You may not be aware, but our country is suffering a huge shortage in truck drivers. This affects everyone in Louisiana because we need trucks to drive freight. They stock the shelves in the stores. Without enough trucks, store shelves stay empty. Most of these trucks must travel across state lines. This is where some issues occur. According to The Washington Post, to drive across state lines, the minimum age for a trucker is 21 years old.
People in Louisiana know that the state has strong laws in place regarding drunk or drugged drivers. It can be important for them to also know that the agency that provides oversight to the commercial transportation industry is also developing a program designed to crack down on impaired driving among truckers and other drivers with commercial licenses.
Sharing the road with commercial trucks is an inevitable part of life for residents of Louisiana and the United States, but for many motorists, navigating their way around these large, heavy vehicles can be an anxiety-inducing experience. When cars and trucks collide with one another, the smaller vehicles typically find themselves on the losing end, which is why it is especially important that truck drivers stay sober, drive safely and otherwise exercise care when traveling. There is a hidden danger that appears to be affecting truck drivers’ performances nowadays, however, and it involves the long trucker commute.
We've all been there before: you glance to the car next to you and see the driver with their head down, busy doing this or that. The roads of Louisiana can be dangerous for multiple reasons, and inattentive drivers like them can be a huge contributor.
Like any activity, driving all day can become tiring, and sometimes it can be frustrating to work with other drivers on the road. If you drive a truck in Louisiana, though, it is important for you to make sure you do not become aggressive as you drive.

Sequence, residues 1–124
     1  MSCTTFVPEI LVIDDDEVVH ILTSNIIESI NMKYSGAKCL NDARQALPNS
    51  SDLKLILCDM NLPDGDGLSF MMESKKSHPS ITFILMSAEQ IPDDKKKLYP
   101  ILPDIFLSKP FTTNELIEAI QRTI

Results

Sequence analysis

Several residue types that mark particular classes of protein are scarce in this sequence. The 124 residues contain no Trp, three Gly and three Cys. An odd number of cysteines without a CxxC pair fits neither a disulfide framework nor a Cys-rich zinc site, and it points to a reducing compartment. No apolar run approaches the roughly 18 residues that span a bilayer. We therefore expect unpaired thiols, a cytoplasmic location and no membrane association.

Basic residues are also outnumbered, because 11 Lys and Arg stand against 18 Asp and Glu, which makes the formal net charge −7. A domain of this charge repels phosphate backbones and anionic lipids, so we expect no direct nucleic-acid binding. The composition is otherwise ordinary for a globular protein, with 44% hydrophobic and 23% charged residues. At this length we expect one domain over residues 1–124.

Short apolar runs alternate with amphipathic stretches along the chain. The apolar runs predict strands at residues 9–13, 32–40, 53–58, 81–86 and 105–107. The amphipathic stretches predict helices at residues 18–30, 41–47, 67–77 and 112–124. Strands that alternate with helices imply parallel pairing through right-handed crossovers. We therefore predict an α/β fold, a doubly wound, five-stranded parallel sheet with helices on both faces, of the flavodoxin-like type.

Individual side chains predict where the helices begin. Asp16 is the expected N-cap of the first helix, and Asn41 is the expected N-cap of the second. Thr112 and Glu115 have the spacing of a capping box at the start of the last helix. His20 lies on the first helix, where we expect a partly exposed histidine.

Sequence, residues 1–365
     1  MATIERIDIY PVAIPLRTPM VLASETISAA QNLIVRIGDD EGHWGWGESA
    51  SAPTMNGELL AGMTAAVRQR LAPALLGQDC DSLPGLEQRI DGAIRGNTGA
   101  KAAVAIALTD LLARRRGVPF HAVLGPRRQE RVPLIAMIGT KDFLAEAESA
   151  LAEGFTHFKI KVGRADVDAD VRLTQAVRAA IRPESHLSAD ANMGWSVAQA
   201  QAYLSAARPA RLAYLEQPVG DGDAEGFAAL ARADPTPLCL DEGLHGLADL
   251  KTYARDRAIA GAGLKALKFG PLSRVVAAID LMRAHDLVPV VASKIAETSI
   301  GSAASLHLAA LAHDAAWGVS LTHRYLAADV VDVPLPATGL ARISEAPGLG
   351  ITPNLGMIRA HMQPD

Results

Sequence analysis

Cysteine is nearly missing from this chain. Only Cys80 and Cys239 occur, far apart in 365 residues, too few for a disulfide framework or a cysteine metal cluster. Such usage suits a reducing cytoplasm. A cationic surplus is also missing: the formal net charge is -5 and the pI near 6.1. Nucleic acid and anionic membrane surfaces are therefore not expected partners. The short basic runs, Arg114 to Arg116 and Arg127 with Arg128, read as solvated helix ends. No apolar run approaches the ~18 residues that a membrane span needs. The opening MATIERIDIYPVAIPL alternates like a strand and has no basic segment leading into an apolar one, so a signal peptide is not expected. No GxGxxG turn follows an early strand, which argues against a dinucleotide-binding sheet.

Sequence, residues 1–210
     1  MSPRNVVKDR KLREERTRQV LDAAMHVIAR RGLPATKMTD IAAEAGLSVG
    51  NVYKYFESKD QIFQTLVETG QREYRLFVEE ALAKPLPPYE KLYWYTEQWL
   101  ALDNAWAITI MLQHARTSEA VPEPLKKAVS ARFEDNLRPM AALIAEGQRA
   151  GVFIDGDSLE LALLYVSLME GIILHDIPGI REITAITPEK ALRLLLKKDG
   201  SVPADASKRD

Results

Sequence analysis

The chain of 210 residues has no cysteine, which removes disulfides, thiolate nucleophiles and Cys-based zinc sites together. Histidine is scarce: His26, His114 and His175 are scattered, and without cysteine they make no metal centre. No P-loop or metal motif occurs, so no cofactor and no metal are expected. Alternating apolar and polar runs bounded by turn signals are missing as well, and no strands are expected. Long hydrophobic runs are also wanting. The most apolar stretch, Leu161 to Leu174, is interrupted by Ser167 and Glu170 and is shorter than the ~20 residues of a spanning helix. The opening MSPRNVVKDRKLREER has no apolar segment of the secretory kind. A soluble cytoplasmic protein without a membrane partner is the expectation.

When you drive a truck in Louisiana, you may love the thought of being out on the road by yourself. However, it is important for you to be a safe driver and this is why there are regulations governing how long you can drive in one day.
Louisiana residents share the road with all manners of vehicles, both big and small. Understandably, large trucks in particular can make people nervous. But just what about trucks make them so much more dangerous than other vehicles?
There is no question that the trucking industry is important for shipping goods across the country. However, countless people in Louisiana and other states are put at risk every day by truck drivers who are tired, distracted or intoxicated, or who may lose control due to factors outside their control. When trucks roll over, the results can be especially devastating.
Big rigs on Louisiana's Interstate 10 speed along, rushing to get to their next drop-off point. Long haulers on Interstate 20 cruise between Dallas and Atlanta in semitrucks that are a necessary element in U.S. trade. The drivers transport goods across the country and back again, fueling the economy with endless supplies of high-demand products.
The Federal Motor Carrier Safety Administration provides tips for Louisiana truck drivers who navigate busy highways. Whether you only pass through doing long hauls on Interstate 20 or you make short runs throughout the state every week, you can help keep yourself and other motorists safe by making precautionary measures a part of your daily routine.